“It’s a big bonus to our health to live without any disease in this dirty town of winding ditches,” she once told Muthu.
To the people who work in the mill, the management itself gave jaggery. Muthulakshmi had heard that jaggery would easily drive the cotton dust down that was caught in the throat. But the mill in which Muthulakshmi was working under the ‘Sumangali’ scheme did not provide any such thing. They gave something, resembling a mask. One could close one’s mouth with that. If it was tied a bit tight, it made breathing difficult.
Within four days the mask would give out a foul smell. So nobody wore it. She had often thought that she could do as Benazir did. “Amla is easily available,” a person living in the line- houses told her. He used to take a small piece of coconut instead of amla. “If one keeps his body intact, he can command respect,” Benazir had told her
In the evenings the ladies in the line-houses gathered in front of their houses to draw decorative drawings on the ground. Otherwise, they remained inside. Nobody sat on the steps in the courtyard to greet their husbands.
“Is this an office job to go and come at fixed hours? They may come at any time; they may go at any time. The nature of the work in the banian company is like that!”
Nobody could find out whether Gopanna, living in the fifth house, was in the house or not. He came at odd hours. He stumbled for balance as he walked home. His wife used to tell that very rarely he came walking straight to the house!
Once the doors were closed, nobody opened them again. Taking his lunch bag in the morning, Gopanna returned only late night. Benazir had told her that almost all men living there were like that only.
“‘Eat and go when the Fate calls you’-the people living in this compound are perfect examples!” Benazir had told.
“Won’t they lit crackers together even for Deepavali?”
“All have come from far off places … their native places are elsewhere. For Deepavali they would be in a hurry to go to their native places even three days before the festival. When the ‘Karthikai’ festival comes, they firecrackers recalling Deepavali. Nowadays, ‘outsiders’ mean not only people from Kerala or Andhra but also people from Nepal, Orissa and Bengal!”
“To whom to rent a house- nobody follows any guideline. Anyone who is ready to pay the advance can easily get a house for rent here. Nobody cares about their whereabouts!”
The landlord was living in Thennampalayam. Every month he would come on the first Sunday to collect the rent. If not, Sennapan living in the second house would collect it and keep it.
Sennapan would attend to the problems in the three toilets or bathrooms. If there was any drainage- problem, or there was a quarrel in sharing the water from the two drinking water pipes,
Sennappan would play an important role. On these matters, he would pass his suggestions onto his wife. That he would do only in Kannada. On such occasions, Kannada would rule the roost.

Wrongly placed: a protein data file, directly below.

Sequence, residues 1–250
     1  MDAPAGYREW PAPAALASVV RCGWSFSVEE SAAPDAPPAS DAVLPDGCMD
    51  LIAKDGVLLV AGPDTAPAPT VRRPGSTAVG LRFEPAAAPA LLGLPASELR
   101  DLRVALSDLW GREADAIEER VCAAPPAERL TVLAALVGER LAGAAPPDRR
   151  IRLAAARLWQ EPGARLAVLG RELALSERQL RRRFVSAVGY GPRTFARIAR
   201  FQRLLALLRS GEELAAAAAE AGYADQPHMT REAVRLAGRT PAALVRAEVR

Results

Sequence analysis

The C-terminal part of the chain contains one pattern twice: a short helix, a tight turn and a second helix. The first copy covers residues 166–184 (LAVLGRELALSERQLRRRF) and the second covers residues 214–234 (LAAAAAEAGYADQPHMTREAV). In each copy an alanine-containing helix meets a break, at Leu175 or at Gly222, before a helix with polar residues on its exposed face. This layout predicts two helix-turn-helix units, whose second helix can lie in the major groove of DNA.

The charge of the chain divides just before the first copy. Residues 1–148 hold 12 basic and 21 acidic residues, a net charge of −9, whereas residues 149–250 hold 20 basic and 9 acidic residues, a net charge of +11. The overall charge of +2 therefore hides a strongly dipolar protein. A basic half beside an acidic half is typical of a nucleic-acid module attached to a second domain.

Whenever he had time he talked about the problems of line-houses. To a line- house in Badmavaram, a newcomer came. He took the wife of a fellow worker in a dyeing factory and was living with her there. One day the ‘old husband’ of that woman came there with an acid bottle and threw it. The uncovered portions of the ‘new husband’s’ body were badly burnt. There were blisters in his face. Wherever clothes covered, pieces of clothes stuck on his skin. The wounds were more than 30%. As the incident happened in a line-
house, it became a police case and three was a big problem.
“Here everybody is a drunkard. They have time enough only to drink and fall flat. So, no such problem here. That’s a good thing any way!”
“What good thing? Falling flat after drinking?”
“Otherwise they would land themselves in trouble!”
Once Sennappan told Benazir about two such drunkards who drank excessively. They were Nepalese and were working in a dyeing factory. They were young. After drinking heavily, without knowing what he was doing, one fellow took the compressor tube and inserted it into the other fellow’s anus.That fellow’s belly grew larger and larger and burst out. He died. The ‘murderer’ got a seven year sentence. Four people lost their lives!”
“Only two people!”
“No! The dead man, the jailed man, and their two wives— four people!”
Muthulakshmi accompanied Benazir, saying that she would see her off in the bus stand. It seemed that the unhurrying Time was hurrying everyone!
“You have a separate bag for carrying food…OK?”
“After you’ve started cooking, I could not help taking more food! Your preparations are very tasty. You told me that you would cook mutton today!”
“I’ll cook it after you return. I’ll cook whatever we get, even if it is a quail!”
There is a Sunday market- one which had newly come up. When she went there to buy chicken, Muthulakshmi got some new information- there was something new-a new variety in the chicken market, known as ‘Janatha Chicken’. It was selling like hot cakes. The people from Odissa waited eagerly to buy that. The bits of bone- waste with pieces of flesh sticking to them were kept in a freezer and sold. They cost less than the normal variety. One could prepare soup or put some spices and make some sort of curry.
She cooked once, just to feel its taste.
“This is in great demand, sister. People stand in the queue to buy it! Poor people!”
Once, Swarnavelu went to buy quail or partridge. As he could not get any, he bought ‘Janatha Chicken’.